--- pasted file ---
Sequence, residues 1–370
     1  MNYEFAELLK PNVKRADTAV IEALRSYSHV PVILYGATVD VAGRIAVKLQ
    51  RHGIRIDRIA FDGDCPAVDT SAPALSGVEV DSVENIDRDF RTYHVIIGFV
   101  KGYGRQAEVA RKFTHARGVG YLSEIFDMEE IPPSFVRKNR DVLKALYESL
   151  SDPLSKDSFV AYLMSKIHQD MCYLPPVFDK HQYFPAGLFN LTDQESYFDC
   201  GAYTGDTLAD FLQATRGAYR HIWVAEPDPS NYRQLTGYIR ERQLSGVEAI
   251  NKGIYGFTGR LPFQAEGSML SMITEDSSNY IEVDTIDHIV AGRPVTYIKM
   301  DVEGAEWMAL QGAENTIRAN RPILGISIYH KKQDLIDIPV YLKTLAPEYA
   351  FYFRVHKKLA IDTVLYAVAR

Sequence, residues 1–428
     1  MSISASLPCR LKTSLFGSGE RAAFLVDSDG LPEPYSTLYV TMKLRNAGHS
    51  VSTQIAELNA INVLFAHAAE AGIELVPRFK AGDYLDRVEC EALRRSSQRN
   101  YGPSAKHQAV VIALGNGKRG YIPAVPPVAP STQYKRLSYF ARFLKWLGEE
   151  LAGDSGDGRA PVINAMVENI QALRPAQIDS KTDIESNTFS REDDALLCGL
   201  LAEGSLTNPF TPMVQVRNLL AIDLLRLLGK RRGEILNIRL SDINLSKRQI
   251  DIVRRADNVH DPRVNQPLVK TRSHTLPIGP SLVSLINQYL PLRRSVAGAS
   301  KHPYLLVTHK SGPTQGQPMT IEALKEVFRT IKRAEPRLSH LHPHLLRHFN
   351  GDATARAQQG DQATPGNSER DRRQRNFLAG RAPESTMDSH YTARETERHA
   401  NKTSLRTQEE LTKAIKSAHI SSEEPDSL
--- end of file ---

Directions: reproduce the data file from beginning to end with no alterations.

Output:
Sequence, residues 1–370
     1  MNYEFAELLK PNVKRADTAV IEALRSYSHV PVILYGATVD VAGRIAVKLQ
    51  RHGIRIDRIA FDGDCPAVDT SAPALSGVEV DSVENIDRDF RTYHVIIGFV
   101  KGYGRQAEVA RKFTHARGVG YLSEIFDMEE IPPSFVRKNR DVLKALYESL
   151  SDPLSKDSFV AYLMSKIHQD MCYLPPVFDK HQYFPAGLFN LTDQESYFDC
   201  GAYTGDTLAD FLQATRGAYR HIWVAEPDPS NYRQLTGYIR ERQLSGVEAI
   251  NKGIYGFTGR LPFQAEGSML SMITEDSSNY IEVDTIDHIV AGRPVTYIKM
   301  DVEGAEWMAL QGAENTIRAN RPILGISIYH KKQDLIDIPV YLKTLAPEYA
   351  FYFRVHKKLA IDTVLYAVAR

Sequence, residues 1–428
     1  MSISASLPCR LKTSLFGSGE RAAFLVDSDG LPEPYSTLYV TMKLRNAGHS
    51  VSTQIAELNA INVLFAHAAE AGIELVPRFK AGDYLDRVEC EALRRSSQRN
   101  YGPSAKHQAV VIALGNGKRG YIPAVPPVAP STQYKRLSYF ARFLKWLGEE
   151  LAGDSGDGRA PVINAMVENI QALRPAQIDS KTDIESNTFS REDDALLCGL
   201  LAEGSLTNPF TPMVQVRNLL AIDLLRLLGK RRGEILNIRL SDINLSKRQI
   251  DIVRRADNVH DPRVNQPLVK TRSHTLPIGP SLVSLINQYL PLRRSVAGAS
   301  KHPYLLVTHK SGPTQGQPMT IEALKEVFRT IKRAEPRLSH LHPHLLRHFN
   351  GDATARAQQG DQATPGNSER DRRQRNFLAG RAPESTMDSH YTARETERHA
   401  NKTSLRTQEE LTKAIKSAHI SSEEPDSL